There’s this game Lexie and I used to play where we were scientists from a more highly evolved species, sent to observe these strange human creatures and try to make sense of them. We lay on a blanket on the roof at night with binoculars to spy on the people in our neighborhood: Mrs. Cray, who trailed after her schnauzer snatching up his droppings with a Kleenex to deposit them in a paper lunch sack, was gathering ingredients for her black magic; Mr. Philips, who always flicked a lit cigarette in the alley when he was taking out the trash, was marking his territory to warn others to stay away from Mrs. Philips (visible through their kitchen window most evenings, clad in a flamingo patterned robe with her hair in giant rollers, mixing a large pitcher of martinis); Ryan Ford, who spent many evenings hunched over his Playstation, picked his nose so much we were sure he was searching for traces of a brain in his skull cavity.


Mom never asked what we were doing on the roof all the time. She was just glad to have us out from underfoot, but still where she knew where we were. Since Dad ran off with some divorcee he met at a conference for English teachers when I was seven, she has worked herself to the bone trying to support us, and even now she usually spends her evenings lying in her room listening to sad music and crying over him. She believes you only get one shot at true love in your life, and when it betrays you that deeply and casually there is no recovering. She still keeps pictures of him sitting out, like she is in mourning. I try not to look at them because I know they are lies. If he was really as happy as those dimpled smiles and sparkling blue eyes suggest, he wouldn’t have left us.

Another way I used to play the game myself was by having sleepovers. The other girls were always up for sleepovers at our house, even though once they got there they didn’t seem to notice I was around. They watched videos that were supposed to be comedies, but seemed to me more like “How to be a Successful Teenager” training films, and ate popcorn and nachos and brownies, washing it all down with gallons of Coke. All they talked and giggled about were boys, especially my brother, who made it a habit to avoid these events whenever possible. I didn’t want to be like these girls, but it was fun to watch them; watch how they were forever adjusting themselves to be just like each other.

Why did we give up playing the game? It wasn’t because at sixteen Lexie suddenly thought he was too old to be hanging out with his fourteen-year-old sister. He has never acted that way toward me, even though he has always been one of the popular kids, and people tend to notice me about as much as bathroom tile. It was a specific event. Early last summer some new people moved into one side of a duplex over on May Street. This is about three blocks behind us, and we didn’t know the slightest thing about them except that every single weekday evening at exactly 9:40 they got in bed and went at it, and they never bothered to close the curtains. I guess they didn’t see the need–the house was surrounded by a high privacy fence and the bedroom windows were around back, partially blocked by a large bush. No one could see in unless they were on top of a two-story house three blocks away with binoculars.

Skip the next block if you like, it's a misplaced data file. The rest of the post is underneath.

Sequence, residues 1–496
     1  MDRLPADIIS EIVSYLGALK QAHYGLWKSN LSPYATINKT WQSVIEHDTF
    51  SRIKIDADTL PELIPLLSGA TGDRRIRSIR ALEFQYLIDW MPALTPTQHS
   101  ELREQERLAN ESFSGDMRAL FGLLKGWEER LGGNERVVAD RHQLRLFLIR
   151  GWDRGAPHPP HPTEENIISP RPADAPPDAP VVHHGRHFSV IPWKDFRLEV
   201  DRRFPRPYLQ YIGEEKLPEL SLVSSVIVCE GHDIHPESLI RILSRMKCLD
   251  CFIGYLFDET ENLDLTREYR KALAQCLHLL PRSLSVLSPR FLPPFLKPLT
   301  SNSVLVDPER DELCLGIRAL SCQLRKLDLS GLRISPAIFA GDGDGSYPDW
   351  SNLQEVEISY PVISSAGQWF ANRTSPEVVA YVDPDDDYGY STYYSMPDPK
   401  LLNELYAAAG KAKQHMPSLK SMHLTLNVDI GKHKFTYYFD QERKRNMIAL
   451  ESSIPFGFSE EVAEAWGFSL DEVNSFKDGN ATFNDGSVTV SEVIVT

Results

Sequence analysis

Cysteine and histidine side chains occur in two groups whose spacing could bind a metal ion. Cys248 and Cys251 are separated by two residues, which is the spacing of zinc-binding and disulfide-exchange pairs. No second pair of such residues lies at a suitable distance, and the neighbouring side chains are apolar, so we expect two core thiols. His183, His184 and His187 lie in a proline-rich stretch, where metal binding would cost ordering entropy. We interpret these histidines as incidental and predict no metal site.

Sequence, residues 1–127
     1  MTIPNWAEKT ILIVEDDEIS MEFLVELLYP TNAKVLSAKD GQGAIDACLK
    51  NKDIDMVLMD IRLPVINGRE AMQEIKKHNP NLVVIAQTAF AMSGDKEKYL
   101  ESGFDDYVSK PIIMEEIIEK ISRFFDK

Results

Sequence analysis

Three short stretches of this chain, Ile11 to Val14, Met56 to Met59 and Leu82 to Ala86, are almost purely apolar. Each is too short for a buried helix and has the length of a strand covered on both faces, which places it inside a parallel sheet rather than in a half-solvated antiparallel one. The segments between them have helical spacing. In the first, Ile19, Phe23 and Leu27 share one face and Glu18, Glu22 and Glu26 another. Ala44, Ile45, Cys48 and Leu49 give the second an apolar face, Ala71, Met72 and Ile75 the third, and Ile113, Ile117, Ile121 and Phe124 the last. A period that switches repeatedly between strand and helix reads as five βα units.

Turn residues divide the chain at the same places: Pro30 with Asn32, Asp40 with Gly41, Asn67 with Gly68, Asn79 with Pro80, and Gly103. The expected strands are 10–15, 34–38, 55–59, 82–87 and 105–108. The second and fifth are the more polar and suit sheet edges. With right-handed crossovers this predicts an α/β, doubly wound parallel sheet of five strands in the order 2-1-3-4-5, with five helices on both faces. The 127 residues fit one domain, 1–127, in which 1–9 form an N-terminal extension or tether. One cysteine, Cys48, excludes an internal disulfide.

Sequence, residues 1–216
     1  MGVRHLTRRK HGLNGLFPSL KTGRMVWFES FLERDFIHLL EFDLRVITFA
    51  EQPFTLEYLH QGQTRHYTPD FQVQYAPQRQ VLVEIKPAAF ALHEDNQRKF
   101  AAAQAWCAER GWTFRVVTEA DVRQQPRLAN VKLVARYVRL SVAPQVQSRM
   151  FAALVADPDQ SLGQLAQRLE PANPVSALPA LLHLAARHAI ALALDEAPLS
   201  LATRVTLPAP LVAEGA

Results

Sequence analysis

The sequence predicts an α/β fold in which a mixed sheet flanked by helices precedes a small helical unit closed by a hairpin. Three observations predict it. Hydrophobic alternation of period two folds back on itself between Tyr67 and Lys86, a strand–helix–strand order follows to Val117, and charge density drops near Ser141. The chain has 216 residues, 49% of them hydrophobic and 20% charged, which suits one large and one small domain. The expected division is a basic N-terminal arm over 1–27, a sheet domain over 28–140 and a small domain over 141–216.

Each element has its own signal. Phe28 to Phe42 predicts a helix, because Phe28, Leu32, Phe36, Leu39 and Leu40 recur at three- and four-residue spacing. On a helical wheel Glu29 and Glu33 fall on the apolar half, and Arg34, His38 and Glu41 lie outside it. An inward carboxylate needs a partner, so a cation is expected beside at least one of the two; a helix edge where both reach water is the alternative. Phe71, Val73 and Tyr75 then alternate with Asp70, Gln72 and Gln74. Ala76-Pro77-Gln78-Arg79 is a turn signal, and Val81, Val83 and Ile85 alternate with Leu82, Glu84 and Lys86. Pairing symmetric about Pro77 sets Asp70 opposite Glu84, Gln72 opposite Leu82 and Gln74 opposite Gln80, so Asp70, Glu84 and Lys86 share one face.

We joked about setting our watches by them. Lexie made comments about how at least they had active imaginations, or sometimes things like, “I wonder if that’s an Olympic event?” Another oddity about them was that they never once did it on the weekend. Or if they did, it was strictly lights off and curtains drawn. She was pretty in that fresh breath mint television commercial sort of way, but he had this amazing amount of body hair, even covering his back. I suggested we should track the moon cycles and see if he seemed hairier than usual around the full moon.

Then one Tuesday night, when they were into some pretty old-fashioned looking stuff, in walked this skinny blonde man. Lexie asked, “Who’s he?” as they all sort of hung inanimate for a long moment. Finally the guy raised his arm, and I realized he was holding a gun just as he fired it quickly several times at each of them. I saw him move it to his mouth, but Lexie grabbed my binoculars away just as I thought I heard the last bang.

Lexie’s face looked strange, his blue eyes too bright in the dim moonlight, his nostrils flaring. He grabbed my face on either side and hissed, “You didn’t see that! Listen to me! You didn’t see anything, understood? Not one single thing!”

I tried to nod, but he was holding on too tight. I whispered, “‘Kay.”

“Grace, promise me!”

“Promise!” I squeaked out.

Sirens cut the sticky night air. He let go and grabbed our things. “Let’s get out of here!”

We dropped to the roof over the dining room, and climbed in his bedroom window. We knelt in the dark, watching as police cars screamed up to the house, followed by an ambulance. At that height we really couldn’t see what was going on very well. People were gathering outside and walking in clusters down the street to gawk. Finally Lexie turned toward me and said, “No more.”

I didn’t need to ask what he meant.


By the time the popular girls held their next sleepover in our living room on Friday, the story was all over the news. The gunman was actually the woman’s husband, who worked the night shift at the A&P. The other man worked with the woman during the day at a bank over in McHenry. When Mom read it in the paper, she shook her head, muttering, “That’s what I should’ve done.” I stopped clearing the table, wondering if I heard her right.

When people ask about Dad, we’re supposed to say he died. Car accident or something. He might as well have, since he rarely pays any of his child support and never tries to visit Lexie and me. The only reason we know he’s alive is that we still visit Grandma Eller on birthdays and Christmas Eve, and she has pictures of his new family sitting on her piano. We never ask about them, but Lexie has given names to them: Barbie for the woman, Bambi and Bimbette for the two girls she already had when they met, and Juan for their little boy. When we’re alone, we make up stories about them. We talk about the nice house they live in and all of the nice things they buy with our child support money.